Don't Call Us Libertarians!

"A Trap Set for Conservative Catholics" is the ominous title of a piece by Austin Ruse at Crisis Magazine. The gravamen of Ruse's complaint is that people like me and Commonweal contributor David Gibson are defaming conservative Catholics by conflating their support for a "robust market economy" with libertarianism. As evidence for this claim, Ruse cites some of the presentations at a conference titled "The Catholic Case Against Libertarians," which took place last June in Washington, D.C.

Ruse suggests that participants in the conference mostly avoided naming names because they knew that the real objects of their ideological scorn are not actually libertarians. On that particular count, Ruse at least credits me for candor:

I do not want to suggest that any of the speakers were cagey but as I recall only one of them even mentioned the name of a group that is suspect. Matthew Boudway of Commonweal drew a bright line right at the real target if the conference. The line began with libertarianism and went straight to political conservatives and to free marketeers. “Most Catholic defenders of laissez-fair ideology describe themselves as conservative.” But even they know such an ideology is really the "great disrupter, its gales of creative destruction sweeping away traditions, institutions, and communities that stand in its way.” Where no others did, Boudway had the courage to name names. He named the Acton Institute[....]

Boudway also said, “Show me a country that has surrendered its politics to the dictates of the market, and I will show you a culture where personal attachments of every kind are less secure than they once were and where the poor and every other vulnerable population are at most an afterthought.” To that I would say, yes please, show me that country.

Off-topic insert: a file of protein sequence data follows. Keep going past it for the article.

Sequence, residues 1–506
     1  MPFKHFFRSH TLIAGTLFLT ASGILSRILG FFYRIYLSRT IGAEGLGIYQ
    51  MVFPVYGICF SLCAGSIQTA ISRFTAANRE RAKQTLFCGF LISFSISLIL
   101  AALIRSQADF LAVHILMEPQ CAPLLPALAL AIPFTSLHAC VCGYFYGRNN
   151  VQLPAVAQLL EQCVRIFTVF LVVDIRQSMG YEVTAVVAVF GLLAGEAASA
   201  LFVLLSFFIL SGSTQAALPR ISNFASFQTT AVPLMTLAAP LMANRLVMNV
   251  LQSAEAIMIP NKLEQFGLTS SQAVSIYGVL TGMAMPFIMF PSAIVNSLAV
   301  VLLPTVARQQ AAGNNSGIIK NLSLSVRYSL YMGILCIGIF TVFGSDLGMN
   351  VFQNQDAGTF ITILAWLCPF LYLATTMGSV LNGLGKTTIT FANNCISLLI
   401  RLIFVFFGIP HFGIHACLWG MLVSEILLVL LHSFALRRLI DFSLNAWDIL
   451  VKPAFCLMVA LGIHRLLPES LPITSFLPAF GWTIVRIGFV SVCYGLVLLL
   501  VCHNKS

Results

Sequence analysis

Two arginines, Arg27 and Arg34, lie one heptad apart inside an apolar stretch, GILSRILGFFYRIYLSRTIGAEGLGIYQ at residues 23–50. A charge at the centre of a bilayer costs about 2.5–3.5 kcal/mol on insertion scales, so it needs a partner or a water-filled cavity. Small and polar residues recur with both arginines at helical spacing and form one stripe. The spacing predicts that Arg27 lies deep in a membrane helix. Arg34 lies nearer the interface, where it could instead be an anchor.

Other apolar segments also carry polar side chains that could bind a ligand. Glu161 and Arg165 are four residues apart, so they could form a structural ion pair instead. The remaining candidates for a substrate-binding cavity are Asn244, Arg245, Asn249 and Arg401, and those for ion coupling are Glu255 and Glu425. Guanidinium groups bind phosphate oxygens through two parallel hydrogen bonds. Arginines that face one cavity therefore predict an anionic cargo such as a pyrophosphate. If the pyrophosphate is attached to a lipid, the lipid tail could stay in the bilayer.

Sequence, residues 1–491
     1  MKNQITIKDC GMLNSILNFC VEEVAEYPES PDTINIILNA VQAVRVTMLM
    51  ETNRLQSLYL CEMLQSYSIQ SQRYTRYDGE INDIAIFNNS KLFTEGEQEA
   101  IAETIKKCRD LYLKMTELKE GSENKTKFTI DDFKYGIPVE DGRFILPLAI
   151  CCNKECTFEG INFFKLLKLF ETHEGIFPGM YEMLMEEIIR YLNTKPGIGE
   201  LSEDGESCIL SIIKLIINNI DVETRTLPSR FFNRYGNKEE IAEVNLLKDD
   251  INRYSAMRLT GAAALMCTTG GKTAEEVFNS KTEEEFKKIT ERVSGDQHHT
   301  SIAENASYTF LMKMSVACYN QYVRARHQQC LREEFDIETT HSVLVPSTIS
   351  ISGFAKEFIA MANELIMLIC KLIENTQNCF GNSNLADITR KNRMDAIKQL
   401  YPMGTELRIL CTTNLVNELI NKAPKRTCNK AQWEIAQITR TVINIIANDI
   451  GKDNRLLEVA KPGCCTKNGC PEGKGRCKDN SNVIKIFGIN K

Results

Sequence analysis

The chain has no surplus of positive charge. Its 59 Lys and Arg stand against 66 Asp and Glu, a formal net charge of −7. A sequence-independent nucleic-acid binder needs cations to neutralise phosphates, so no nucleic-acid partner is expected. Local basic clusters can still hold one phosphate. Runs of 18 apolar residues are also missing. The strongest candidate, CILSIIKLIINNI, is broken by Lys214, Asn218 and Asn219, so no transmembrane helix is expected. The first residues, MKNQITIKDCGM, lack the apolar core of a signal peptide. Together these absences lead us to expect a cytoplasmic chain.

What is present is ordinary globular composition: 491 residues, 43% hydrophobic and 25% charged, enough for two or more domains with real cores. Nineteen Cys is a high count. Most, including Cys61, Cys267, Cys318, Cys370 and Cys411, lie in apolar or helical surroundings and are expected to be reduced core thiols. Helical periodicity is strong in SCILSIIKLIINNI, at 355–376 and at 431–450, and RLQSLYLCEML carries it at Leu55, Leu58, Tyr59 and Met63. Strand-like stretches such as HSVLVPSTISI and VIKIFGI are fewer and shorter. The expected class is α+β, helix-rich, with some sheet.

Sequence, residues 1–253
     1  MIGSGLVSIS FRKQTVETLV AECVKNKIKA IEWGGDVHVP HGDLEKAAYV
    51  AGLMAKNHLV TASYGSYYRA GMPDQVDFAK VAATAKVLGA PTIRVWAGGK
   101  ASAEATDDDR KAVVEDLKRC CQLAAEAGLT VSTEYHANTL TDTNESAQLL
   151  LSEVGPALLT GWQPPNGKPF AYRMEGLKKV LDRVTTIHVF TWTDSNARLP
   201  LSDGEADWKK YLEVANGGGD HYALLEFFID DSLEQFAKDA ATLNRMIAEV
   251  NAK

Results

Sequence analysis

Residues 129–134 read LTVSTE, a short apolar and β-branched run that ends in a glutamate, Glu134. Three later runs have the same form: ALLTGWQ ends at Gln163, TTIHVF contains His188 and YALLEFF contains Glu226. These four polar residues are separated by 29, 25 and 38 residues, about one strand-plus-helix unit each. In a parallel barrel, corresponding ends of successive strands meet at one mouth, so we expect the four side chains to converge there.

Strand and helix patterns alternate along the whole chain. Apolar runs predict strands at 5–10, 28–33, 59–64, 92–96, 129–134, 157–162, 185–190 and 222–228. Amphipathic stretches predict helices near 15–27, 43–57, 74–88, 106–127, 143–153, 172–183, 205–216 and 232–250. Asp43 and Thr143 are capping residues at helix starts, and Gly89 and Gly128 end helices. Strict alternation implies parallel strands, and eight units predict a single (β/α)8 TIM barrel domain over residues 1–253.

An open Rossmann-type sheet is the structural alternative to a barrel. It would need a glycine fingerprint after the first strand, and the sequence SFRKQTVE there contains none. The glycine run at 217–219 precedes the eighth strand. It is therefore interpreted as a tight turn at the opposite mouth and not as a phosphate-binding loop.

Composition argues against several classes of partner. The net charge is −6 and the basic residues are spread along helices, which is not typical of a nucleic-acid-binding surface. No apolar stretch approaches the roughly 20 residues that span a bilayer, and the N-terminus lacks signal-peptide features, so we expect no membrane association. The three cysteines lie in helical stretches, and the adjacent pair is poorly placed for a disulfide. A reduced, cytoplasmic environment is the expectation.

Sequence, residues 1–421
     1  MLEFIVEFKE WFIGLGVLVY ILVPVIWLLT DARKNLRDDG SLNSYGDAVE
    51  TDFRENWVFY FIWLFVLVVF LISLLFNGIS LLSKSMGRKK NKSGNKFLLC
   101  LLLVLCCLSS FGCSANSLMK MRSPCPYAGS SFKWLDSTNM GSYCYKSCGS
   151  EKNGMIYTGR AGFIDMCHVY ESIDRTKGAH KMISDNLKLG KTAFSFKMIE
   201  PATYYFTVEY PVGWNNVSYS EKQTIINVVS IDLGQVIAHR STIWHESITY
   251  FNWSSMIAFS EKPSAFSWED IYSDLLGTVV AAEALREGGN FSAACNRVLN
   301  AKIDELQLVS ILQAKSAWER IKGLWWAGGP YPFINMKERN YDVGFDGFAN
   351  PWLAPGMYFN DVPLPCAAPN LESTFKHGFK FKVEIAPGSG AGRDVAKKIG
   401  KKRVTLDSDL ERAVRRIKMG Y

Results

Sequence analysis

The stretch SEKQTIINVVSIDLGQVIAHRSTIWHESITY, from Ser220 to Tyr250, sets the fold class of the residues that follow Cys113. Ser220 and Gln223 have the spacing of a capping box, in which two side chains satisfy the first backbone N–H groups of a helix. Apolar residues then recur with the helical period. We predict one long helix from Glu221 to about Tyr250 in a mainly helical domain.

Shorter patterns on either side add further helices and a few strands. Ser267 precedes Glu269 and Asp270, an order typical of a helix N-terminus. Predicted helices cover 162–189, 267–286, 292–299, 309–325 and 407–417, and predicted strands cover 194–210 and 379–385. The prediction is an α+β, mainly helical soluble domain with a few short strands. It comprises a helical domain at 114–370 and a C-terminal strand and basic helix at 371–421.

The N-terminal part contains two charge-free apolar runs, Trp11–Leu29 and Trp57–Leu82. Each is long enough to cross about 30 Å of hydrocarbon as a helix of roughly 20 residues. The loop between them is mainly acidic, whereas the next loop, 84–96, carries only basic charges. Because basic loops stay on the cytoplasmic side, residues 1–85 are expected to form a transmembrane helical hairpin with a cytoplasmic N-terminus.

I'll show him two: Thatcher's Great Britain and Pinochet's Chile. In both countries poverty and unemployment shot up as public spending was slashed, public assets were privatized, and markets were deregulated. According to the Guardian: "In 1979, 13.4% of the [British] population lived below 60% of median incomes before housing costs. By 1990, it had gone up to 22.2%, or 12.2m people, with huge rises in the mid-1980s." The numbers were far worse in Pinochet's Chile, where Milton Friedman's "Chicago Boys" were given complete control of economic policy. If Ruse wants more examples, I'd be happy to provide them.

Ruse doesn't quote much from the other conference presentations he refers to. Nor does he link to them, though they're available online. Maybe he and the editors of Crisis couldn't be bothered. Maybe they have a policy against sending web traffic to people they regard as heretics. Or maybe Ruse was afraid his readers might notice that his highly rhetorical descriptions of the conference presentations bear only a faint resemblance to the presentations themselves. For example, a link to the video would have made it a little easier for the fair-minded viewer to discover that Ruse's description of John DiIulio's talk—"it could have been an Obama campaign commercial"—is a brazen mischaracterization. Unless, that is, one regards any criticism of Republican economic policy by someone who once worked in the George W. Bush administration as a tacit endorsement of all things Obama.

Although Ruse thinks the conference's speakers were mainly inveighing against straw men, he does not deny that there are Catholics who are comfortable calling themselves libertarians. He is willing to excuse them because of their ignorance:

Now, many people these days do call themselves libertarian. But libertarianism is a bit like socialism in that many people who claim it probably don’t know what it means. Many are merely small government conservatives who may believe they are libertarians without understanding all that it means.